Window Rubber not very Rubbery

The rubber molding weather-strip around the windows was in need of replacement. It was low on my priority list but I finally got to it.
Purchased the 25 foot strip from Vintage Trailer Supply and proceeded to get it done. I actually bought enough to do the bottom strip on all the windows, but not the vertical side parts. These are still in decent shape though dry.
I applied a car rubber restorer; "Gummi Pflege" a German product that you basically roll on from a tube with a foam applicator on top. This stuff did a great job on the rubber parts on my vintage Porsche 911 and I found it to help the vertical rubber on the Airstream.
The horizontal bottom strip looked like this: cracked, dry and missing some sections. Its amazing that the windows did not leak...much.
I used a Dremel wire brush to clean the old trim off totally for a good tight fit.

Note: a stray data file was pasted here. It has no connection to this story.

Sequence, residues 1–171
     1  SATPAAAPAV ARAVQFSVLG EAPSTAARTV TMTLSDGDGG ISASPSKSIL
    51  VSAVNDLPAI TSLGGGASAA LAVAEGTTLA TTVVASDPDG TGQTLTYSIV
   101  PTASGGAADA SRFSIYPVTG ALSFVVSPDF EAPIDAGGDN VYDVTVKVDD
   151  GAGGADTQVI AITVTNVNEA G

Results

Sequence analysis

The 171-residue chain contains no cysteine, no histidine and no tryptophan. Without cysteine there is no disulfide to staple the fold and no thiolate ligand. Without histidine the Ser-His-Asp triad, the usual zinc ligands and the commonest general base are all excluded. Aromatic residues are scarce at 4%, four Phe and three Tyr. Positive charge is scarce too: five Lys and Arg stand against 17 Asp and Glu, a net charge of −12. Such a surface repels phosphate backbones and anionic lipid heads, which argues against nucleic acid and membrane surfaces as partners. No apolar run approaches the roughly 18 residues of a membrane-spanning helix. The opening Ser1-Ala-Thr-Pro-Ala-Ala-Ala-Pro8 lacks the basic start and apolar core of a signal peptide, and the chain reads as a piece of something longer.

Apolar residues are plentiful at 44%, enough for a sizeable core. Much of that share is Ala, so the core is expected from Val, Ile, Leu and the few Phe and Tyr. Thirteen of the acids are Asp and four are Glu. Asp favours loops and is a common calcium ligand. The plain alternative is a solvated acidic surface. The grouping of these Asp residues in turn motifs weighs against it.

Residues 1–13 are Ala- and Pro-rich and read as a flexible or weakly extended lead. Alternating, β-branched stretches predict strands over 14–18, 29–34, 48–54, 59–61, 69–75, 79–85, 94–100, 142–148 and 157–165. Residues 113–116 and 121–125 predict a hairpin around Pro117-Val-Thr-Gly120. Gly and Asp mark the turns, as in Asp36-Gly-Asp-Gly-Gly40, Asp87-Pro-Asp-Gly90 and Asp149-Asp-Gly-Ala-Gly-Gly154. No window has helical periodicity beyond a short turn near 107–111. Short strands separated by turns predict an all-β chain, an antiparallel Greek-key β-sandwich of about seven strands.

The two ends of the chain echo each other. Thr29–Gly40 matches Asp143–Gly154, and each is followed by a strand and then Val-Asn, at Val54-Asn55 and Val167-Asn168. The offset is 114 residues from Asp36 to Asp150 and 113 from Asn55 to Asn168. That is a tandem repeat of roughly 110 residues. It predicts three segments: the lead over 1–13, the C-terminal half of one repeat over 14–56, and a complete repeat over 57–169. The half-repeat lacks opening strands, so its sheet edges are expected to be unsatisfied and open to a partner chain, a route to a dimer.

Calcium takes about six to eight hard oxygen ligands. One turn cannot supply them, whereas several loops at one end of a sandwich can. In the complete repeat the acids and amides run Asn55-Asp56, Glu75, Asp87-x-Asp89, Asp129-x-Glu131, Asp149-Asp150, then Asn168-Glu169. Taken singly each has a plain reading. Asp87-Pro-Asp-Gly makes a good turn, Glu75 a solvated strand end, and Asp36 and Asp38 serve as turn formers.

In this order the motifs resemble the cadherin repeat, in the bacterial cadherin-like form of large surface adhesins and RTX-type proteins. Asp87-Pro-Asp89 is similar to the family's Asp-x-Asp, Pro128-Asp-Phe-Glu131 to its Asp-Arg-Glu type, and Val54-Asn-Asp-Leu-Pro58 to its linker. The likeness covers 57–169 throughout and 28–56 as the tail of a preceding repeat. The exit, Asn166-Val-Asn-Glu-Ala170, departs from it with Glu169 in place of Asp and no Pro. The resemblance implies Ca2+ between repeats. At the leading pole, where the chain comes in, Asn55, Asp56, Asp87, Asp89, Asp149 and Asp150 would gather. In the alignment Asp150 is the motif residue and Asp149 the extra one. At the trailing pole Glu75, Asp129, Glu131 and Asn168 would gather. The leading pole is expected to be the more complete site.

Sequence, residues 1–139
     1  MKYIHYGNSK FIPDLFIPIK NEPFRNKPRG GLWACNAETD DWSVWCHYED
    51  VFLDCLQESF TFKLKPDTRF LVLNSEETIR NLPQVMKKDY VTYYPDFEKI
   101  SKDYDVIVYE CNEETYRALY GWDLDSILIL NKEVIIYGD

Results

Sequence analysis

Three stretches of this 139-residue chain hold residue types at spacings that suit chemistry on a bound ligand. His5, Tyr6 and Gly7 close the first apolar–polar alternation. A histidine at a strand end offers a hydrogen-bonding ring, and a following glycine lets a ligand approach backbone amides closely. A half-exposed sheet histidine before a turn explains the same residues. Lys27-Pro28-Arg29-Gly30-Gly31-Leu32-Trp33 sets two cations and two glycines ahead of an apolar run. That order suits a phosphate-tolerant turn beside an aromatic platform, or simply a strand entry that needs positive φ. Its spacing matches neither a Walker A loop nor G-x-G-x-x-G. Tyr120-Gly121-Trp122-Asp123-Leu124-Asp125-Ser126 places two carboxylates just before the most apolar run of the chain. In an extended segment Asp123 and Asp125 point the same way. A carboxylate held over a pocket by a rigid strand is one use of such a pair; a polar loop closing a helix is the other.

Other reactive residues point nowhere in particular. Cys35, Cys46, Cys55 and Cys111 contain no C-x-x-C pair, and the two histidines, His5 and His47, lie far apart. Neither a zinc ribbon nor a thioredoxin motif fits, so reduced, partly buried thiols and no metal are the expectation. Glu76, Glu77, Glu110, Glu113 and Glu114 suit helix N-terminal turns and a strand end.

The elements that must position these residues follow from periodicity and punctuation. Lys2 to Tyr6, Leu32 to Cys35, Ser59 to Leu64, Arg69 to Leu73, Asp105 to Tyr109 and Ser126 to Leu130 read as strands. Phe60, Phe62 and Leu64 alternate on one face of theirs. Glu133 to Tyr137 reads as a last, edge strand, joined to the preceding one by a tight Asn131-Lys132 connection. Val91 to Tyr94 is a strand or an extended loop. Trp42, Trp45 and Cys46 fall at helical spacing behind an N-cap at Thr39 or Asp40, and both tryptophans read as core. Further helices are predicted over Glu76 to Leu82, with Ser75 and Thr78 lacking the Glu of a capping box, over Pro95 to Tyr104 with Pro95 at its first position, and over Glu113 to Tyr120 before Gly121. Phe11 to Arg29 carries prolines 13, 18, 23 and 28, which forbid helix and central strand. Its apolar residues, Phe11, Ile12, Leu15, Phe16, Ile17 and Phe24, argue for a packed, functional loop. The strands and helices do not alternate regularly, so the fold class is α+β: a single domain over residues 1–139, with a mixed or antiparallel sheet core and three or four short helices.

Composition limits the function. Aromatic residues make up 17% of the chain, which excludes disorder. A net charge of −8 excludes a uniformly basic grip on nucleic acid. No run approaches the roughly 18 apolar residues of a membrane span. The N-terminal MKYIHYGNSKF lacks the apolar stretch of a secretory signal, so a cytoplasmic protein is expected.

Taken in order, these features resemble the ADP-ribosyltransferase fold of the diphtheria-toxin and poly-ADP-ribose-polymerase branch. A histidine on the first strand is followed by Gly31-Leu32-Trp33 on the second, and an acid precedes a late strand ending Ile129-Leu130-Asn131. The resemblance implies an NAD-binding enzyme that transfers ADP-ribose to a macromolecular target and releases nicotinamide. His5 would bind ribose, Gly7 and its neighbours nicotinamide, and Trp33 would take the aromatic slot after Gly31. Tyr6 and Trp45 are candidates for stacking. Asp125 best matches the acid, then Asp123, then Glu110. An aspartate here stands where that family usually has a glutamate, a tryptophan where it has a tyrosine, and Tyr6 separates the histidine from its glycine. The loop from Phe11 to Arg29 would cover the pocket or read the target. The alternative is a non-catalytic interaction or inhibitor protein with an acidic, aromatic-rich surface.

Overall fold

I also purchased some 3M Trim Sealant which is terrific stuff. Find it at any auto parts store. The new rubber came pre-glued but I don't trust that to hold, so I ran a bead of 3M on the window and the back of the rubber. After letting it dry for 5-10 minutes I pressed the cut rubber pieces onto the window frame. The 3M is a little forgiving, but not much so you have to set the trim right or you are likely going to tear it by trying to re-position.
After an hour or so the job was complete. The windows look better and the trim helps keep the water out.

Here is the 3M sealant. Great stuff, but hard to get off your hands!